5 reasons why polio can be eradicated
Jul. 29, 2019
We know that we can and we will eradicate polio, but how do we know that? Only one human disease has ever been eradicated—that’s smallpox. What makes a disease a good candidate for eradication?
Poliovirus causes acute, non-persistent infections
The virus causes acute, short term infections, meaning that a person infected with polio can only transmit the virus for a limited amount of time. Prolonged infection with wild polioviruses has never been documented and in most cases infected people can only transmit the virus for 1-2 weeks.
Virus is transmitted only by infectious people or their waste
Some diseases can be transmitted in a multitude of ways, which can make a disease an impossible candidate for eradication. But the poliovirus is typically transmitted just one way: through human waste. Eradicating polio is not an easy task, but the way polio is transmitted simplifies our ability to tackle the disease.
Survival of virus in the environment is finite
Did you know there’s just one strain of wild poliovirus that continues to infect humans? (There used to be three strains of poliovirus that regularly infected humans.) The wild poliovirus cannot survive for long periods outside of the human body. If the virus cannot find an unvaccinated person to infect, it will die out. This is why we have to keep every single child vaccinated—so the virus cannot find any humans to infect. The length of poliovirus survival varies according to conditions like temperature, and the poliovirus infectivity decreases over time.
People are the only reservoir
Hundreds of diseases can be transmitted between insects, animals and humans. One of the things that makes polio eradicable is the fact that humans are the only reservoir. No poliovirus has been found to exist and spread among animals despite repeated attempts to document this.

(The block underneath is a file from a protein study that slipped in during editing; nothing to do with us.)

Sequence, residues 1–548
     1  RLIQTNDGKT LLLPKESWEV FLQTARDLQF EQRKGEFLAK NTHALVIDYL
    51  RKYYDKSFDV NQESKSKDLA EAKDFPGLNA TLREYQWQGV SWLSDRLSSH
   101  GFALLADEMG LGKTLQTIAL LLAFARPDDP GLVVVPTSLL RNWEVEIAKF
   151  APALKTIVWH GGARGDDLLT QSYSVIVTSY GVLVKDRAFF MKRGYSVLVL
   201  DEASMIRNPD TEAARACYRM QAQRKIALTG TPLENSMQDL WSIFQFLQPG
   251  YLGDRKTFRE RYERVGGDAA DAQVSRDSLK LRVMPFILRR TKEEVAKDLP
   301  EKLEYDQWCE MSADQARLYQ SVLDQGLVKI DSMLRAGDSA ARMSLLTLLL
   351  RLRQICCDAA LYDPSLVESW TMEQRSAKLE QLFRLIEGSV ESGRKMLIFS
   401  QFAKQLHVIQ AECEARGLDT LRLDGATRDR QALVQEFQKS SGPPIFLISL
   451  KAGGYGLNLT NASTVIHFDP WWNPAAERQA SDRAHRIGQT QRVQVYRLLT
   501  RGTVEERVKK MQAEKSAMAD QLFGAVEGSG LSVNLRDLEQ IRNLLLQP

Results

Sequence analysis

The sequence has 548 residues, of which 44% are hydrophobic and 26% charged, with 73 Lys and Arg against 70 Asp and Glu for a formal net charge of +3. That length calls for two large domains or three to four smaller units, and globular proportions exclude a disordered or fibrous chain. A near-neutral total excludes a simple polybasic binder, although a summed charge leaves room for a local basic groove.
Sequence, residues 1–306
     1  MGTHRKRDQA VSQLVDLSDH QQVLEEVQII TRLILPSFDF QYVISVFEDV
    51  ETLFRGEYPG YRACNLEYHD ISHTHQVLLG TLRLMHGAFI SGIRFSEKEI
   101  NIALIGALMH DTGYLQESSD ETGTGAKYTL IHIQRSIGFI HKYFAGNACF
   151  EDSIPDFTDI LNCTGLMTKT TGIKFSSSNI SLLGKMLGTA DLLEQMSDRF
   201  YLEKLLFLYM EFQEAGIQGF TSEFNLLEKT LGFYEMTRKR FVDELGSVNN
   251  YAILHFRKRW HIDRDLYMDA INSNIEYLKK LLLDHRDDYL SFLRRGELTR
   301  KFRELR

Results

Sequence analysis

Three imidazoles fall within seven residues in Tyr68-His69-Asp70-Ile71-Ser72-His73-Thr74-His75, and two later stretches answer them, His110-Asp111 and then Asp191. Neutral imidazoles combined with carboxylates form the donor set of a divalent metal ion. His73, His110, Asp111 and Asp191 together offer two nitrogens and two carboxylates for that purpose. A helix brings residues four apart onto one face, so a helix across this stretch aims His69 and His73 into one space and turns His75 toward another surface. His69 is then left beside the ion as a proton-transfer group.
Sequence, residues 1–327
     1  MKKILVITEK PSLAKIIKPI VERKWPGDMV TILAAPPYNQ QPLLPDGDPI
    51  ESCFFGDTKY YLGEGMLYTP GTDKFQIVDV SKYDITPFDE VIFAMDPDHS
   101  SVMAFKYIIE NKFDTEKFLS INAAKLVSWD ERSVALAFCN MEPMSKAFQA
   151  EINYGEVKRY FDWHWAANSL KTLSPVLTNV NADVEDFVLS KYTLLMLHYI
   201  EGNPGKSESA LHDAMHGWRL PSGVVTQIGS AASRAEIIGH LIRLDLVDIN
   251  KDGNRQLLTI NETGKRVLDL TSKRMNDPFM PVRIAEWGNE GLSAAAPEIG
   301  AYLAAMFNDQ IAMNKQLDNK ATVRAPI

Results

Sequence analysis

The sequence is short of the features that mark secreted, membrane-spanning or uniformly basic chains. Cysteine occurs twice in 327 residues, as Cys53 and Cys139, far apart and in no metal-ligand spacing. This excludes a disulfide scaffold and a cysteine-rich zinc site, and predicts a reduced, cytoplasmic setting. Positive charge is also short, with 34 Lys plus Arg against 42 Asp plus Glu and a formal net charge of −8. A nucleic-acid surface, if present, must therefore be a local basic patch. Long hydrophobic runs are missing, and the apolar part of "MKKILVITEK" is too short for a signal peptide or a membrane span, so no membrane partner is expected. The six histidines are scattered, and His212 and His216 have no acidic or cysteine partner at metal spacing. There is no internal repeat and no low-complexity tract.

Immunization with polio vaccine interrupts virus transmission
Not only are there two safe and effective polio vaccines, but vaccination against polio generates herd immunity, which increases the percentage of the population that is immune to the disease.
Mass campaigns using oral polio vaccine, where all children in a specified geographic area are immunized simultaneously, interrupts wild poliovirus circulation by boosting population immunity to the point that transmission of polio cannot be sustained.
One additional way we know we’ll eradicate polio is that we’ve eliminated polio in nearly every single country in the world—even in countries like in India, which as recently as 2007 was home to 70% of the world’s poliovirus cases. There are just two countries that continue to report wild poliovirus transmission, and we’re certain we have the tools and scientific know-how to eliminate polio in the remaining two countries. Donate to the cause or follow us on Facebook to learn more about how Rotary is working with our partners to #endpolio.